Cooperative board games are one of the best types of games because there’s no pressure to compete, and you get to work together as a team and be collaborative. I find this makes for an enjoyable and much more relaxing gaming experience, as even if the game is tense, you are still supporting each other.
There are so many amazing cooperative board games with so many different play styles and mechanisms that narrowing it down to just ten was hard to do. I’d highly recommend everything on this list, as well as all the honorable mentions, as they’re all amazing games.
Best Board Games Where You Work Together – Quick Comparison
|Rank||Name||# Players||Time||Complexity||Good For|
|#1||Pandemic||2 – 4||45 mins||Medium||Best Overall|
|#2||Aeon’s End||1 – 4||1 hour||Medium||Best Deck Builder|
|#3||The Crew Mission Deep Sea||2 – 5||20 mins||Light||Most Approachable|
1. Best Overall: Pandemic
Pandemic is a game for 2 – 4 players that is medium in complexity and takes around 45 minutes.
In Pandemic, you are a group of experts trying to save the world from diseases breaking out, so you need to work together to eradicate the disease while you also find a cure.
This is a great game, and I think it’s one of the best casual cooperative gaming experiences out there.
If you have a regular gaming group that is committed to playing a campaign then Pandemic Legacy is a legacy game built on the Pandemic formula that adds in character development and scenarios to play through and will honestly be one of the best gaming experiences you’ll ever have.
- Approachable rules and gameplay
- Great theme that works well
- Amazing replay value, doesn’t get boring after many plays
- A satisfying puzzle
- Because this is an entry-level board game, the strategy isn’t as deep as some other games (though expansions do add more to the game).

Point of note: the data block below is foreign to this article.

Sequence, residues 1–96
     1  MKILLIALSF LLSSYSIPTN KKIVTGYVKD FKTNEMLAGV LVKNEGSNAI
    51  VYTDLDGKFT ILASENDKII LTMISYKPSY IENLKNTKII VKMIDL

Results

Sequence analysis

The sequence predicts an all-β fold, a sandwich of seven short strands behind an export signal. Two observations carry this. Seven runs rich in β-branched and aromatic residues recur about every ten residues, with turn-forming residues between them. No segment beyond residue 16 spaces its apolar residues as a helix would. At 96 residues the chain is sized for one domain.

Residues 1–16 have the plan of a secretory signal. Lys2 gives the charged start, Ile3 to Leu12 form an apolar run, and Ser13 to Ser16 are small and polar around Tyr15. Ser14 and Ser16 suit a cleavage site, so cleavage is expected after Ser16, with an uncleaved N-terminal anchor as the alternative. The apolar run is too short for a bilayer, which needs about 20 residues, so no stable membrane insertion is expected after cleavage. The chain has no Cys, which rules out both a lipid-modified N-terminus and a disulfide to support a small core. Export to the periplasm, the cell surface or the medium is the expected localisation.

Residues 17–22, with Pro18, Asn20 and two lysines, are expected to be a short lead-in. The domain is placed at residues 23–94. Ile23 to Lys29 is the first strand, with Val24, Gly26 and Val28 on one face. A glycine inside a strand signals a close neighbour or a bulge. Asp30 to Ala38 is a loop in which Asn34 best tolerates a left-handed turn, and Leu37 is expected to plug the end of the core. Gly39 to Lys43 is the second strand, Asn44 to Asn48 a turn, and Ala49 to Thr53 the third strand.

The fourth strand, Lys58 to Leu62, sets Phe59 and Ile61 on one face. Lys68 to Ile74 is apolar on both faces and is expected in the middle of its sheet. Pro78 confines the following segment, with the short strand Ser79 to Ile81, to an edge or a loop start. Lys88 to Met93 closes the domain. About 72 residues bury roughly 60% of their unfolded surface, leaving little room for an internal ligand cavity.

- It can start to feel the same after many plays
- Pandemic Legacy provides a better gaming experience along the same lines
2. Best Deck Builder: Aeon’s End
Aeons End is a medium complexity game for 1 – 4 players that takes around an hour to play.
This is a cooperative deck-building game where you are in a fantasy post-apocalyptic setting. You are a mage hiding in an underground city, and you need to use spells and magic to destroy monstrous evil incarnations.
There are a lot of different cards, which creates a lot of different strategies and decisions regarding what abilities to use and what deck to build. There’s quite a lot of balancing in choosing the best actions to take: do you want to build your deck, power up, or open new breaches and fight monsters?
This is an engaging and exciting experience that will keep you coming back to play again and again. And while it’s quite a deep game, it’s pretty approachable to learn to play.
- An engaging and tense game
- Lots of different strategies and decisions
- Varied monsters
- Excellent solo mode
- Approachable rules
- Slower paced game
- The random turn order mechanism can annoy some people
3. Most Approachable: The Crew Mission Deep Sea
The Crew is a cooperative card game for 2 – 5 players that takes about 20 minutes and is very easy.
If you’ve ever played a traditional trick-taking game before (like spades), where you all have to put cards into the center according to certain rules (eg. all cards of the same suit), and the person with the highest card wins the trick. Well, this is similar, except it’s cooperative. So rather than trying to win the trick, you are trying to complete certain missions together (for example the mission may be for a certain player to win, or for a certain player to not collect any cards of a certain color). But you have a limited ability to communicate about what cards you have in your hand, which makes the game much harder!
It’s a very cool twist on a traditional trick-taking game, and it’s very approachable for non-gamers, as most are pretty familiar with card games. If possible, it would be good to have a regular group to work together through the missions, but there’s a lot of replayability as you can play through the missions over and over again.
The Crew: Quest for Planet Nine is the prequel to this game, and they are both pretty similar, so if you pick that one up it’s also a great game.
- One of the most approachable cooperative games
- Still has a lot of strategy required to work together
- Tons of replayability
- Lots of player interaction
- The theme is very pasted on
- The group’s luck is determined by the cards they draw
- Not a deeply strategic game
4. Best Strategic: Spirit Island
Spirit Island is a complex game for 1 – 4 players and takes 1.5 – 3 hours.